To determine how risky this operation would be for a covert force from Britain, two French spies were dispatched to survey the area. They went to the beach where a sign announced the area was mined. As the French approached, they ran into a sentry. It was at that moment the entire operation could have been spoiled. The spies could have been taken into custody, questioned, and the operation would have been exposed, with the Nazis maintaining their technological edge.
But that’s not what happened. The spies said they were students on leave and came to see the beach. This sentry, whose job was to protect this sensitive area, merely smiled and led them through to the beach. He walked over the minefield, proving the area was not mined at all, and let the spies observe and survey as they pleased.
TIKHistory notes, from original sources, how vital this was for the Allied effort, as the spies were able to provide the Allies with an abundance of information.
The raid was a success. Not only did it eliminate the Nazi’s scientific edge in radar, but this was arguably a turning point in the war from the air just as significant as Britain’s victory at El Alamein and Russia’s victory at Stalingrad.
Thankfully, the Nazi soldier in this story made his critical mistake. One wonders what would have happened had that he reacted differently to the two French spies.
In the British and American war with the Nazis, the side devoted to the dissolution of self-governance lost. A similar battle is taking place now between Americans and the Chinese Communist Party.
Why, then, has the CCP been allowed to infiltrate the Lone Star State?
Infiltrating Republican Areas
Just like the French spies identified themselves as tourists, so has the CCP marketed DJI drones as the affordable alternative for government agencies looking for drones. Much like how the spies weren’t at the beach for a vacation, these drones aren’t here for your convenience or customer service. They’re here for surveillance, and buying these drones is funding the enemies of America.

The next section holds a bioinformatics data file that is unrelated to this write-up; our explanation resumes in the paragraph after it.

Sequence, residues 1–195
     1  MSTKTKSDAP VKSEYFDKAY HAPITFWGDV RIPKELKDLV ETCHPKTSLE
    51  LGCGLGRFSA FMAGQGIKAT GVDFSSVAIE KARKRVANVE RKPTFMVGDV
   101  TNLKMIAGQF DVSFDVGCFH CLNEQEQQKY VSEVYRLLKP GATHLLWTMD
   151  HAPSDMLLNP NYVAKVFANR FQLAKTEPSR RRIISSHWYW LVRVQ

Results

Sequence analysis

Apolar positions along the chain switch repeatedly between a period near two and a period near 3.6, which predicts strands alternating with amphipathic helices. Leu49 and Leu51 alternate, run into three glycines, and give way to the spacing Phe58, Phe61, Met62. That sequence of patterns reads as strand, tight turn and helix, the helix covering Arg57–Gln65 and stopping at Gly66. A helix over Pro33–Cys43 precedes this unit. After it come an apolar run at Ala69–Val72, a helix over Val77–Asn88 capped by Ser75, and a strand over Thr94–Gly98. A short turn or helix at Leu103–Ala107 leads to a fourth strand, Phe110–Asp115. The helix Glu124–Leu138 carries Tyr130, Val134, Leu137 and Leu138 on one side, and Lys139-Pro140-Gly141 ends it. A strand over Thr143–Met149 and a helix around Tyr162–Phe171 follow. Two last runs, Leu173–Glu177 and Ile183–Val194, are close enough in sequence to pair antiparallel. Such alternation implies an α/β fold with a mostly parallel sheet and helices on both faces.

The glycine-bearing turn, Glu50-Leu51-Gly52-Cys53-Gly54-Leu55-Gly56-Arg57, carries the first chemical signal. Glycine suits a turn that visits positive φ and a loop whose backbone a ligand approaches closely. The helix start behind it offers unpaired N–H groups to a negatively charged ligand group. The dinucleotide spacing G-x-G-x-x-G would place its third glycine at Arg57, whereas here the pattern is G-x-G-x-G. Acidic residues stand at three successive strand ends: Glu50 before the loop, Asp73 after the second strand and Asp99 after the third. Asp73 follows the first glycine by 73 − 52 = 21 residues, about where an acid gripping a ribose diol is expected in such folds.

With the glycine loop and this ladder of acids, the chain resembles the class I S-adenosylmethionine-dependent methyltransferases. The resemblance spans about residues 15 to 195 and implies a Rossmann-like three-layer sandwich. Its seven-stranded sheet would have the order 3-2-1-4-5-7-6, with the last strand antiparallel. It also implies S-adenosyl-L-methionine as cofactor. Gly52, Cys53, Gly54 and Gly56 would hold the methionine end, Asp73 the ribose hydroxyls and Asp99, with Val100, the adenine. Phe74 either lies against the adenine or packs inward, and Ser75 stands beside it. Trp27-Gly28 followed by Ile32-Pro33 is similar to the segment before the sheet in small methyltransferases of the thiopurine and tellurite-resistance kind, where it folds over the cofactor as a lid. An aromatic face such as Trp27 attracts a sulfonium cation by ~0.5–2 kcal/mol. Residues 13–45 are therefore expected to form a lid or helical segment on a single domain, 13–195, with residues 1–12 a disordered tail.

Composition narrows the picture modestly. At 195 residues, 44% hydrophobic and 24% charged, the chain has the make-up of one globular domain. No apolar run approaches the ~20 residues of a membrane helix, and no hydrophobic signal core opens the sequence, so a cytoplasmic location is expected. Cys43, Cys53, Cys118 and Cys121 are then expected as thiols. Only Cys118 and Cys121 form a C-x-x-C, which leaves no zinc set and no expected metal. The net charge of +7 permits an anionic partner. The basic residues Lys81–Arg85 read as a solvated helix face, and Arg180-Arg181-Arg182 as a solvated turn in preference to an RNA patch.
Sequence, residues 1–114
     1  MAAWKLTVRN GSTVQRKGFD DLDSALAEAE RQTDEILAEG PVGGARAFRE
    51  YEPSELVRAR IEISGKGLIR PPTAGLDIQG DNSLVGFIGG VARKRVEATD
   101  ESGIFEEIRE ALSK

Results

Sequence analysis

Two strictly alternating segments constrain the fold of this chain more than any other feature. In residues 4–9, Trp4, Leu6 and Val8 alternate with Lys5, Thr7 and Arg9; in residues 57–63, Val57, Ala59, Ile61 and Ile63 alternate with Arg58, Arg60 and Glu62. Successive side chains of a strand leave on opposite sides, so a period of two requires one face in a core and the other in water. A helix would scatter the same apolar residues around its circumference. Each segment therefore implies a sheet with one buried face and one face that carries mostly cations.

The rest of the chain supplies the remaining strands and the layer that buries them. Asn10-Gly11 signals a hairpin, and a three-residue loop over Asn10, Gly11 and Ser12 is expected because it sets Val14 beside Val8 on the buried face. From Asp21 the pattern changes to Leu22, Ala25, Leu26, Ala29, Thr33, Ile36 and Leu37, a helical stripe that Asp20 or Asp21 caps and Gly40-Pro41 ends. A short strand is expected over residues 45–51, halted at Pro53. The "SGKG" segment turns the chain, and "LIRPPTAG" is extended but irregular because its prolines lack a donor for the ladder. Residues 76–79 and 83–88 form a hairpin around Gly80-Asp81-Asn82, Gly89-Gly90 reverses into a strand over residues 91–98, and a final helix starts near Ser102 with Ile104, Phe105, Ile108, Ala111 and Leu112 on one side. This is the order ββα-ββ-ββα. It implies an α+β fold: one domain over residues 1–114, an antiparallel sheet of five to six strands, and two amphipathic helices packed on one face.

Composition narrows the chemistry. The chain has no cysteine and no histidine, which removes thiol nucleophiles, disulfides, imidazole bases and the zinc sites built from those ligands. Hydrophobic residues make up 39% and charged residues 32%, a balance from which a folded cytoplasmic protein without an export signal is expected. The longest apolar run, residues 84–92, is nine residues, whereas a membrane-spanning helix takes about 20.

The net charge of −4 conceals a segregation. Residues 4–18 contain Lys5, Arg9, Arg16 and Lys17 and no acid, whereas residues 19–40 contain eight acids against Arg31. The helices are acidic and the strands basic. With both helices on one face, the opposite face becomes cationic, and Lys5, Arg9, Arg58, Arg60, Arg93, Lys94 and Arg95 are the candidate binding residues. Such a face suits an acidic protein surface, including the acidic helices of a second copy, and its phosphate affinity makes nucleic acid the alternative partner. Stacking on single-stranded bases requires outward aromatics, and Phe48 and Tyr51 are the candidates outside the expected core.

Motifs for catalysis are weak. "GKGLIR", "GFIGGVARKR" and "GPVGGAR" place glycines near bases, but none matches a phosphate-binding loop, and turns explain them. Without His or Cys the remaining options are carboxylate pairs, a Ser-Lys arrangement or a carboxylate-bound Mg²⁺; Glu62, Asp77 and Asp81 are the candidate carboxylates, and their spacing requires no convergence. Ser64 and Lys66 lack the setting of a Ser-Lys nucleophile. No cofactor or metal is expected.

When one thinks of national security or law enforcement at the ballot box, the Republican Party often comes to mind. It is then curious as to why Republican strongholds in Texas would line up to purchase these security threats.
One such Republican area is in the district represented by Texas Speaker of the House Dade Phelan (R).
On January 17, 2023, Texas Scorecard sent Orange County an open records request for drone purchases from 2014 to 2022. In response, we received one set of 38 pages of records, another set of 16 pages, and a 12-page Standard Operating Procedure document for an “Unmanned Aircraft System.”
According to these records, Orange County spent close to $30,000 of taxpayer money to acquire DJI drones.
The 16-page batch of records shows multiple purchases. In November 2018, Orange County purchased more than $25,000 worth of DJI drones or drone accessories for Sheriff Jimmy Lane Mooney’s department. This includes a discount of more than $3,000 from the vendor: North Carolina-based Precision Hawk, Inc.
These weren’t the only questionable purchases. In October 2020, during the Chinese coronavirus outbreak, more than $4,400 DJI drones or drone accessories were bought, again for the sheriff’s office. This time, the vendor was RMUS LLC, located in Utah.
As Texas Scorecard previously reported, in response to the U.S. government’s anti-infiltration efforts, DJI focused on selling their drones to American state and local governments.
The 30-page batch of records includes the same receipts but also has documentation that the October 2020 drone purchase was authorized by the county commissioners court. It was approved to replace another drone.
Texas Scorecard sent inquiries to Sheriff Mooney and Orange County Judge John Gothia, asking if they were aware of the security risk of these CCP drones and if the drones are currently in use. No response was received before publication.